We present a principled model and algorithm to infer a hierarchical ranking of nodes in directed networks. Unlike other methods such as minimum violation ranking, it assigns real-valued scores to nodes rather than simply ordinal ranks, and it formalizes the assumption that interactions are more likely to occur between individuals with similar ranks. It provides a natural framework for a statistical significance test for distinguishing when the inferred hierarchy is due to the network topology or is instead due to random chance, and it can be used to perform inference tasks such as predicting the existence or direction of edges. The ranking is inferred by solving a linear system of equations, which is sparse if the network is; thus the resulting algorithm is extremely efficient and scalable. We illustrate these findings by analyzing real and synthetic data and show that our method outperforms others, in both speed and accuracy, in recovering the underlying ranks and predicting edge directions.
A physical model for efficient ranking in networks
Caterina De Bacco, Daniel B. Larremore, Cristopher Moore
During the last decades two important contributions have reshaped our understanding of international trade. First, countries trade more with those with whom they share history, language, and culture, suggesting that trade is limited by information frictions. Second, countries are more likely to start exporting products that are similar to their current exports, suggesting that knowledge diffusion among related industries is a key constrain shaping the diversification of exports. But does knowledge about how to export to a destination also diffuses among related products and geographic neighbors? Do countries need to learn how to trade each product to each destination? Here, we use bilateral trade data from 2000 to 2015 to show that countries are more likely to increase their exports of a product to a destination when: (i) they export related products to it, (ii) they export the same product to the neighbor of a destination, (iii) they have neighbors who export the same product to that destination. Then, we explore the magnitude of these effects for new, nascent, and experienced exporters, (exporters with and without comparative advantage in a product) and also for groups of products with different level of technological sophistication. We find that the effects of product and geographic relatedness are stronger for new exporters, and also, that the effect of product relatedness is stronger for more technologically sophisticated products. These findings support the idea that international trade is shaped by information frictions that are reduced in the presence of related products and experienced geographic neighbors.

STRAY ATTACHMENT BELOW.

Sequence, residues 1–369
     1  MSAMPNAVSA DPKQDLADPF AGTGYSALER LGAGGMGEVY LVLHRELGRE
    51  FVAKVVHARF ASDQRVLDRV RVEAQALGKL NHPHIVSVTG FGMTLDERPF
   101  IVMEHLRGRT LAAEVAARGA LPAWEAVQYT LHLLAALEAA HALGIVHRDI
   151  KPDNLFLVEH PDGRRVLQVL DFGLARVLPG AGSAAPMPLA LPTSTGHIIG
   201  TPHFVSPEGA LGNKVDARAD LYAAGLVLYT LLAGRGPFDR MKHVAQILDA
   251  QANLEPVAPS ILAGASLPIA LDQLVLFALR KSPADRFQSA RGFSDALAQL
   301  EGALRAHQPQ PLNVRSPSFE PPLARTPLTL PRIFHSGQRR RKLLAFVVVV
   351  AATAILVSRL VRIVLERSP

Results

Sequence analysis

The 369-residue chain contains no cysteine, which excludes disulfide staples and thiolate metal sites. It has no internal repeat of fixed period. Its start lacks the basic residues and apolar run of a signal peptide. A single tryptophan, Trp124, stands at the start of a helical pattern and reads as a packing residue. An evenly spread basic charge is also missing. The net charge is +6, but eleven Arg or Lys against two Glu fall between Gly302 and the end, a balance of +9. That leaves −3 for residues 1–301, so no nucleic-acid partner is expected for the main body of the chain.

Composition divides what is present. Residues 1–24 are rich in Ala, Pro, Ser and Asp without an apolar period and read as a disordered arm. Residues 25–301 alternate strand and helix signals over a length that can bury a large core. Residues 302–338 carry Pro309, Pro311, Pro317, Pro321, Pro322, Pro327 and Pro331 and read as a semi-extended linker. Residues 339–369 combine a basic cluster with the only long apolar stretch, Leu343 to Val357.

Relatedness, Knowledge Diffusion, and the Evolution of Bilateral Trade
Bogang Jun, Aamena Alshamsi, Jian Gao, Cesar A Hidalgo
It has recently become possible to study the dynamics of information diffusion in techno-social systems at scale, due to the emergence of online platforms, such as Twitter, with millions of users. One question that systematically recurs is whether information spreads according to simple or complex dynamics: does each exposure to a piece of information have an independent probability of a user adopting it (simple contagion), or does this probability depend instead on the number of sources of exposure, increasing above some threshold (complex contagion)? Most studies to date are observational and, therefore, unable to disentangle the effects of confounding factors such as social reinforcement, homophily, limited attention, or network community structure. Here we describe a novel controlled experiment that we performed on Twitter using ‘social bots’ deployed to carry out coordinated attempts at spreading information. We propose two Bayesian statistical models describing simple and complex contagion dynamics, and test the competing hypotheses. We provide experimental evidence that the complex contagion model describes the observed information diffusion behavior more accurately than simple contagion. Future applications of our results include more effective defenses against malicious propaganda campaigns on social media, improved marketing and advertisement strategies, and design of effective network intervention techniques.
Mønsted B, Sapieżyński P, Ferrara E, Lehmann S (2017) Evidence of complex contagion of information in social media: An experiment using Twitter bots. PLoS ONE 12(9): e0184148. https://doi.org/10.1371/journal.pone.0184148
Social norms are an important element in explaining how humans achieve very high levels of cooperative activity. It is widely observed that, when norms can be enforced by peer punishment, groups are able to resolve social dilemmas in prosocial, cooperative ways. Here we show that punishment can also encourage participation in destructive behaviours that are harmful to group welfare, and that this phenomenon is mediated by a social norm. In a variation of a public goods game, in which the return to investment is negative for both group and individual, we find that the opportunity to punish led to higher levels of contribution, thereby harming collective payoffs. A second experiment confirmed that, independently of whether punishment is available, a majority of subjects regard the efficient behaviour of non-contribution as socially inappropriate. The results show that simply providing a punishment opportunity does not guarantee that punishment will be used for socially beneficial ends, because the social norms that influence punishment behaviour may themselves be destructive.
Peer punishment promotes enforcement of bad social norms
Klaus Abbink, Lata Gangadharan, Toby Handfield & John Thrasher
Nature Communications 8, Article number: 609 (2017)